If the specified length is the axial length, you need to use the tangent. If the specified length is the slope length (i.e., along the taper), use the sine tables.
                    For small angles, sine and tangent are almost but not quite the same figure, since the hypotenuse and the adjacent side of the triangle are almost the same length.

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                    • #11
                      Or just paste this into Google search box (with D1,D2, & L replaced with actual dimensions):
                      57.29 * arctangent [(D1-D2) / (2*L) ]

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                      • #12
                        Originally posted by Mike Burch View Post
                        If the specified length is the axial length, you need to use the tangent. If the specified length is the slope length (i.e., along the taper), use the sine tables.
                        For small angles, sine and tangent are almost but not quite the same figure, since the hypotenuse and the adjacent side of the triangle are almost the same length.
                        Yes. Thanks for the clarification.

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                        • #13
                          Originally posted by jmm03 View Post
                          Thanks guys, if I am reading mklotz's formula correctly do I need to consult the trig table in machinery's handbook to obtain the angle in degree's? (his description of what I am doing is correct) Jim
                          Not only can you easily download a full scientific calculator with trig functions for your phone but assuming you typed your post on a Windows operating system then you have a full scientific calculator included. Just bring up the calculator and up in the top left corner click on the three lines (Win 10) and all your options for calculating will appear as a list box.

                          Chilliwack BC, Canada

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                          • #14
                            Originally posted by BCRider View Post

                            Not only can you easily download a full scientific calculator with trig functions for your phone but assuming you typed your post on a Windows operating system then you have a full scientific calculator included. Just bring up the calculator and up in the top left corner click on the three lines (Win 10) and all your options for calculating will appear as a list box.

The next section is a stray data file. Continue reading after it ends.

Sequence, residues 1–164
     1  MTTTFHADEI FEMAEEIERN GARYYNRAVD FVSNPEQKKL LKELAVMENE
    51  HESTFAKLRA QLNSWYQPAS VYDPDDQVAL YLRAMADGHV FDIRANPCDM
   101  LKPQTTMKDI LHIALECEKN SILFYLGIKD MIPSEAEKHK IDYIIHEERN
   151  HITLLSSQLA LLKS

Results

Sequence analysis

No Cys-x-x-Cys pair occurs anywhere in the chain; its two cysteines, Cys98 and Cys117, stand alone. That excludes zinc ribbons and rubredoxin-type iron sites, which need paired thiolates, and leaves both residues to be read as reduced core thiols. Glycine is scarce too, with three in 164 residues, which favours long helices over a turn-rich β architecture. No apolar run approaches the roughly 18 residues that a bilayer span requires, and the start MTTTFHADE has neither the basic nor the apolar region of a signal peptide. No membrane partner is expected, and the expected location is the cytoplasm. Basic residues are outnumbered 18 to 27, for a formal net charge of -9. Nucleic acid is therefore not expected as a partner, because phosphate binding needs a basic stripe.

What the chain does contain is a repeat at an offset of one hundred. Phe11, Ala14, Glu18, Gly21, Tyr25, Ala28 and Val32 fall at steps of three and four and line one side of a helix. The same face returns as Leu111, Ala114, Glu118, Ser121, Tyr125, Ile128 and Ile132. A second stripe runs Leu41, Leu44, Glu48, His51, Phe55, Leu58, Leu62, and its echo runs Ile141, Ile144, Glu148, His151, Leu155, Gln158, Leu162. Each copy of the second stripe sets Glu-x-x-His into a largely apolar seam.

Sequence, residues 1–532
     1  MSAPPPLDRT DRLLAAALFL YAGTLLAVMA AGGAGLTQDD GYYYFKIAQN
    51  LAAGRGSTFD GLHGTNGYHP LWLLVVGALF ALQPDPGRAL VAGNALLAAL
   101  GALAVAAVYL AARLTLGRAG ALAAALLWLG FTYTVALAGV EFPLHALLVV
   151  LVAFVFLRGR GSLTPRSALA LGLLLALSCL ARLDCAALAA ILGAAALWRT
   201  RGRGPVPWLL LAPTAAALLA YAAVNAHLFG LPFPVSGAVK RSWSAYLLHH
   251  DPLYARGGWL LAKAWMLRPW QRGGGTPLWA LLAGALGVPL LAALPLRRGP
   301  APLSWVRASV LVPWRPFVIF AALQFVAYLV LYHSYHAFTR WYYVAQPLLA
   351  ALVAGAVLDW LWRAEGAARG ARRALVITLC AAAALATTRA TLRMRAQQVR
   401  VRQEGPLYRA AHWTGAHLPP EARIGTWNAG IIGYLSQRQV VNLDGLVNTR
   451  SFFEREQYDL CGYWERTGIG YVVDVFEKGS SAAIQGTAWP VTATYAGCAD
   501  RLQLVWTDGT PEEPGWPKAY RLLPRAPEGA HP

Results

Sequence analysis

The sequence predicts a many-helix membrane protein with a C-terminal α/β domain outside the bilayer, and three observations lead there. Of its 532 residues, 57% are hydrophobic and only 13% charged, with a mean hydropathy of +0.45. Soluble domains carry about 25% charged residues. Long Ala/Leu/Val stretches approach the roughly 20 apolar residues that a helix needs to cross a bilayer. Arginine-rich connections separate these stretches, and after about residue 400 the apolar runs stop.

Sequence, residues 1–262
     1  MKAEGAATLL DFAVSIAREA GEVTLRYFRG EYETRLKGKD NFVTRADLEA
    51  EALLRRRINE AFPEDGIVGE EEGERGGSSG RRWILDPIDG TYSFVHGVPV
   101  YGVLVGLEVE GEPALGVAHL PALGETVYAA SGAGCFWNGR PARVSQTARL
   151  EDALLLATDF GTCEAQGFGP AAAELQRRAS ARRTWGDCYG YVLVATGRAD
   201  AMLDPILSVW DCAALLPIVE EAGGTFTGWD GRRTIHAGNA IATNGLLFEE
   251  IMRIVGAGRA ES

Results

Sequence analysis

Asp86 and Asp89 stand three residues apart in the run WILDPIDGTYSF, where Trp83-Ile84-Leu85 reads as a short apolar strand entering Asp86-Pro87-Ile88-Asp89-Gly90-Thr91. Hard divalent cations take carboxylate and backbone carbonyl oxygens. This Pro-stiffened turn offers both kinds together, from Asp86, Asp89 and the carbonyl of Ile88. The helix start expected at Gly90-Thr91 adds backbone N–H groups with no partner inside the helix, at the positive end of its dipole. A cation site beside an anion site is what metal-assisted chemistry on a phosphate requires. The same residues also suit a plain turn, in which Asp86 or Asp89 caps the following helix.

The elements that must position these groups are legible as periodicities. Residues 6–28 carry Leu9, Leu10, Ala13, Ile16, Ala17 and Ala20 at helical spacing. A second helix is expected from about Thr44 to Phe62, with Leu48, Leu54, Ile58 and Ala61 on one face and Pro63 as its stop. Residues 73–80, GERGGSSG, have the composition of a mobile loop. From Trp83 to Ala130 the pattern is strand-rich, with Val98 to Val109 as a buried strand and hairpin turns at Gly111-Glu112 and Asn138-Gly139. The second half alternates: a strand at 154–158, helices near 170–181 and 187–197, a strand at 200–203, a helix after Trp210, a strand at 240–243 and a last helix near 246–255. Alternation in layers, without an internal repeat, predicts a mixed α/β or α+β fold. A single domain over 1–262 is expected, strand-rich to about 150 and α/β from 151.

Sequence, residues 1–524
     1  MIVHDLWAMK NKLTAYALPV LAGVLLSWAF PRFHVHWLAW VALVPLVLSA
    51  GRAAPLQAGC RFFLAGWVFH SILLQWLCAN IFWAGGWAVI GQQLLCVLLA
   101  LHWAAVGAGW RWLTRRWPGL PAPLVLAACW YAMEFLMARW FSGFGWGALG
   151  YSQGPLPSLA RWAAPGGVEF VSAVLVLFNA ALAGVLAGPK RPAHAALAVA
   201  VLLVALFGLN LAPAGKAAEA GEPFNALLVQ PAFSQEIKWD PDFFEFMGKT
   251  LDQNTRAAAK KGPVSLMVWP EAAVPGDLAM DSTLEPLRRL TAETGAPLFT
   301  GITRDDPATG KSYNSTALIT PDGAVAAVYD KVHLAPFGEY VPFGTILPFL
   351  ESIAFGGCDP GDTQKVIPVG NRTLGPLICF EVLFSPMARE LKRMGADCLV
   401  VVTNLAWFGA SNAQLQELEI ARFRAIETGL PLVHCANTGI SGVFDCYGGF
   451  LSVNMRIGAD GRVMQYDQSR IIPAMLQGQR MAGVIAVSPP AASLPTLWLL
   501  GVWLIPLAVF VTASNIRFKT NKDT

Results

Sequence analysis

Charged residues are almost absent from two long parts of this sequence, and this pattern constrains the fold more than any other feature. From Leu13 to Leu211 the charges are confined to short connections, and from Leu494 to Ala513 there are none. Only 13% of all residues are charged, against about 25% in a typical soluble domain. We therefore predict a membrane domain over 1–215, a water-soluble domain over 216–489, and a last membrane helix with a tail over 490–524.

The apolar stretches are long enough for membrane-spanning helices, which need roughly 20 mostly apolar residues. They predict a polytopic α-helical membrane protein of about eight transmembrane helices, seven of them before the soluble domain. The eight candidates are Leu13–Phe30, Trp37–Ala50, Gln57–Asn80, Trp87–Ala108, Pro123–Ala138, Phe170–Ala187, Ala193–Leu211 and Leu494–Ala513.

And, if you're really clever, you'll go here and download and install this excellent emulator of HP's HP35S...

                            https://www.educalc.net/2336231.page

                            It has some things that most of those built-in calculators don't have...

                            Switchable between RPN and algebraic mode (although I can't imagine why anyone would use the latter)

                            Is fully PROGRAMMABLE (just like the one HP sells)

                            The onscreen window looks just like the real calculator, so, using the emulator, will get you in shape for using the real thing, should you buy one (~$60).

                            Highly recommended!

                            Regards, Marv

                            Home Shop Freeware - Tools for People Who Build Things
                            http://www.myvirtualnetwork.com/mklotz

                            Location: LA, CA, USA

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                            • #15
                              Originally posted by tom_d View Post

                              mklotz's formula is correct, and yes, you will find the angle in the trig tables. Doing the calculation electronically you would return the arctan function of the number in the formula. To find the angle in the trig tables look in the Sine column. The Machinerys Handbook I have gives an example where the large diameter is 1.5" the small diameter is 1.0" and the distance is 5"
                              1.5- 1.0=.5
                              .5/ (2x5) = 0.0500
                              on a calculator: arctan .05 = 2.8624 degrees or 2 degrees 51 minutes 44.66 seconds
                              Looking down the sine column in the handbook 0.05001 is sine for 2 degrees 52 minutes
                              "Doing the calculation electronically you would return the arctan function of the number in the formula"

                              Right!! Many ways to skin a ca.... JR